4. Put your work out there, early and often.
The only way the right people can see it is if it’s out there for them to see. Especially in genre film, there’s a tremendous community and network of online and print publications who are thirsty for content. That’s where you come in. Don’t think of these people as royal tastemakers picking from an abundance of content; they’re regular dudes looking for constant content. Cut a trailer with your production footage and get it online. Get in touch with these people (every website has a “contact” link) and send them your shit. It’s a mutually beneficial relationship and the worst they can do is ignore you, so there’s no reason to sit on your footage. Because we had a trailer premiere on Fangoria and Bloody Disgusting early on in the process, we were able to hook up with our executive producers, and that’s when our film found its legs. Even if it’s just a proof of concept, shoot it, upload it, promote it, and watch doors open for you.
5. Be technical.
I’m not quite there yet and perhaps never will be, but it seems clear that in order to be an effective filmmaker you should be technically savvy, as well as creative. You should understand how cameras work; know the relationship between shutter speed/angle and how aperture and ISO/ASA affect the image. Learn how different kinds of light work and how to cut it and shape them. Have a basic working knowledge of audio production and the equipment involved. And know that you will never stop learning because the industry and technology are constantly evolving and progressing. It’s your responsibility as a filmmaker to keep up and absorb as much as you can.
6. But don’t get too hung up on technology.
This may seem at odds with the previous tip, but they’re two completely different things. A ton of people on the indie scene get caught up in camera gear and tech specs and pixels and codecs. While this can be important information, it can also be a never-ending suck-hole. Keep in mind the old axiom “a bird in the hand is worth two in the bush,” because it’s the truth. If you keep waiting for that next great camera to come out, your production will never get off the ground. Tech-fetishization will corrupt your work output and stifle your creativity. Find a camera that works, invest in decent lights and start shooting. You don’t need toys to tell your story. You need basic equipment, a working technical knowledge, and work ethic that borders on obsessive.
7. Back it up.
If you got one, you got none. This goes for cameras, shot lists, schedules, footage… even actors. Expect everything to go wrong and plan for it as much as you can. Create contingencies and backup plans for your shooting schedule so that a rainstorm or a sick actor doesn’t make you miss your day. If you’re shooting a no-budget indie feature, chances are it isn’t on an ALEXA, but rather a prosumer DSLR or something comparable. Factor in the cost for at least two—stuff will break, but don’t let it ruin a shoot day. Not to mention the fact that an extra camera can really help speed up a day (being able to cover a mid- and a close-up in the same take can be a godsend). We shot The Demon’s Rook on hacked Panasonic GH2s, and because of the low cost of acquisition, were able to afford three for our production (an A cam, a B cam, and a backup). The backup also came in handy for one-off special effect gags that required multiple angles in the edit, and when one of the cameras required service midway through production, we didn’t miss a beat because we had two others ready to go.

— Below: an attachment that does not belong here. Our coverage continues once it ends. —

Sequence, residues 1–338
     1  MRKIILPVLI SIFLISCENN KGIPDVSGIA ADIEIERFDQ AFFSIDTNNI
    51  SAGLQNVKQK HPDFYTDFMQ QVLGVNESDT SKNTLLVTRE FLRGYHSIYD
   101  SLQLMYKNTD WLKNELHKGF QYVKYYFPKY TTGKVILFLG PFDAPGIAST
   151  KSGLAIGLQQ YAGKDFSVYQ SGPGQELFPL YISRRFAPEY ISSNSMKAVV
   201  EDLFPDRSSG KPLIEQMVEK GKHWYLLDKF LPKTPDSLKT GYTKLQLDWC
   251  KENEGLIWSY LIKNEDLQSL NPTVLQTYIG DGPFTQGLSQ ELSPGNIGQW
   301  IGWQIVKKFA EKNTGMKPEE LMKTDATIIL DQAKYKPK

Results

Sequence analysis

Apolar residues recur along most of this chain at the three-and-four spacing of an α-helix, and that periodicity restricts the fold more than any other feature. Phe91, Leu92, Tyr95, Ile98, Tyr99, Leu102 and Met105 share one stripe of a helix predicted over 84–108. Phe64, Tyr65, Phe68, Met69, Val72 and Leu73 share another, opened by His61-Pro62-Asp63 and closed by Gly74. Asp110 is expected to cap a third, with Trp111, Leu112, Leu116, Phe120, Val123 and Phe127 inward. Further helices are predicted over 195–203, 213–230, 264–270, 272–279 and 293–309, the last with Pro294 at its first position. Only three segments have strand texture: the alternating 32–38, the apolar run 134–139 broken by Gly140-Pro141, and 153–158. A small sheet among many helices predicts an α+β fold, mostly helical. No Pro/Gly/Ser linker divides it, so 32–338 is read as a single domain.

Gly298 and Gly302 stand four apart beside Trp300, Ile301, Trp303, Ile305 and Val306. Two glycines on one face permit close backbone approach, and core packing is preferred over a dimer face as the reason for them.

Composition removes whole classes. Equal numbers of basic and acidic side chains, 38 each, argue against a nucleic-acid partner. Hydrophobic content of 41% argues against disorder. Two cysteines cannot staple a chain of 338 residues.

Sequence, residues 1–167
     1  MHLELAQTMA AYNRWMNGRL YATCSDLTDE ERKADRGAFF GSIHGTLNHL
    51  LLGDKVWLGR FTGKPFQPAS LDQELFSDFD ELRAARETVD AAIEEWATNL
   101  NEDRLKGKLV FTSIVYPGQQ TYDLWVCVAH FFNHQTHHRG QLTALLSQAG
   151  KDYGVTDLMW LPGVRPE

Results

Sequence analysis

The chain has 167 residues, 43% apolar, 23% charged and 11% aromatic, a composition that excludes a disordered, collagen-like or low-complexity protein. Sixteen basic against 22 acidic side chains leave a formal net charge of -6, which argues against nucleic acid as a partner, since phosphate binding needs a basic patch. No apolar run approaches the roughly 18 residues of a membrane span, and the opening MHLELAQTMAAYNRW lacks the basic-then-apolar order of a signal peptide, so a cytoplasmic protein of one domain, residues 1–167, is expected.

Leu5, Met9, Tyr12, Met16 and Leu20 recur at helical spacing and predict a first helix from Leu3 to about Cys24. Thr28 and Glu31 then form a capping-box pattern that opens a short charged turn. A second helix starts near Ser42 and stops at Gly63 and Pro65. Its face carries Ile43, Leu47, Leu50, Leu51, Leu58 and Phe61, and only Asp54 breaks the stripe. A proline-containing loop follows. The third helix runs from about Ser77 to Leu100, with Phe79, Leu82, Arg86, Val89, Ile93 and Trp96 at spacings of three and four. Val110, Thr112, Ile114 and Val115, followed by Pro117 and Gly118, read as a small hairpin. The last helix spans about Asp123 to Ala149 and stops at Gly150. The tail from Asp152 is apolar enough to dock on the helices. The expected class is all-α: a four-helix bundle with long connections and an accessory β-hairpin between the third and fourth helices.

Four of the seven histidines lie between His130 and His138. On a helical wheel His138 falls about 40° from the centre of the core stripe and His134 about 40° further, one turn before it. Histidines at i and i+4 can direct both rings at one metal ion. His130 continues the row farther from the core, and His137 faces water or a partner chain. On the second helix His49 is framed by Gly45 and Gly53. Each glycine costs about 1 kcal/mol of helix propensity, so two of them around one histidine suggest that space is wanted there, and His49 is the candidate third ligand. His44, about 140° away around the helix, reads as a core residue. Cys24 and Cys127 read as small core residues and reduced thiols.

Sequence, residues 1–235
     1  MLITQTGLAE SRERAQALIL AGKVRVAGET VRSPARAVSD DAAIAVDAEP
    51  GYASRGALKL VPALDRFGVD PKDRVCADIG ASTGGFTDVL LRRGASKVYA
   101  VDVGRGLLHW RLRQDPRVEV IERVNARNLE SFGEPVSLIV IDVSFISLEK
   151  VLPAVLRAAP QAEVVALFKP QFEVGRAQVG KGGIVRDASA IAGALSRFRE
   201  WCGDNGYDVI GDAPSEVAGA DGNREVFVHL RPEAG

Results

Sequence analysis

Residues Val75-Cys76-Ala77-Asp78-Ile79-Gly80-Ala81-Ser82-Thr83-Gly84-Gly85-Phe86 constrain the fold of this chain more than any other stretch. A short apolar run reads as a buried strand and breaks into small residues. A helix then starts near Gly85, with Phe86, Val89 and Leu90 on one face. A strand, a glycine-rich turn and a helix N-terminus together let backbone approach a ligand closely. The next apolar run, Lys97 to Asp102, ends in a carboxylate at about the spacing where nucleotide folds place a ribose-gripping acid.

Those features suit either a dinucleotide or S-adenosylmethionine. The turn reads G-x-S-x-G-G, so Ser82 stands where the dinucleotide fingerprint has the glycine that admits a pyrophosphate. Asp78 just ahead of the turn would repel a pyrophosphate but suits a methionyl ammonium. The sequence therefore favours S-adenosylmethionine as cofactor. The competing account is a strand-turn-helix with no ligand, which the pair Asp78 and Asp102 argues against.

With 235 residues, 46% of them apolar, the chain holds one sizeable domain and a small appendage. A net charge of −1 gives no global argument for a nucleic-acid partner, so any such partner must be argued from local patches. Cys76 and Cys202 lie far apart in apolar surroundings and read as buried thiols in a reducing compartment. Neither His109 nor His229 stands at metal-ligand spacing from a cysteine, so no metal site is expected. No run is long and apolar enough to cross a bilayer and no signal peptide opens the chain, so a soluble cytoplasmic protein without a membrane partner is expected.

8. Feed your crew.
Very few microbudgets allow first-time filmmakers to pay their crew. You’re probably calling in a ton of favors and putting your friends through situations that you wouldn’t put your worst enemy through (sorry, Max). This is normal. However, you must feed your crew. Want to know how to suck all the motivation out of someone? Don’t pay them and starve them. Watch the work ethic wither up and die, and try to convince yourself that your film won’t suffer as a result.
9. Go a little crazy.
I think James and I were both legally insane for most of the production of The Demon’s Rook and there are definitely some lingering effects (we start filming our next feature, Bad Blood, in October). 20-plus-hour days and 100-plus-hour weeks will wear on you, and reality can become slippery during production. Embrace it. Allow yourself to go a little crazy. After all, you’re fucking nuts for trying to make a feature film in the first place. James probably took years off his life inhaling all types of toxic fumes in his effects studio, but somewhere along the line he became a machine, and machines don’t worry about that stuff. The insanity of film production is one of its greatest gifts and if you can channel the manic, obsessive, creative, anxious energy that comes with it, you can make yourself unstoppable.
10. Learning never stops.
Even after you have a first feature under your belt, each project after will present a unique set of challenges and situations. All we can do is absorb it, grow, and carry these lessons with us into the next project. MM
The Demon’s Rook is available on VOD on September 30, 2014. Stills courtesy of Tribeca Film.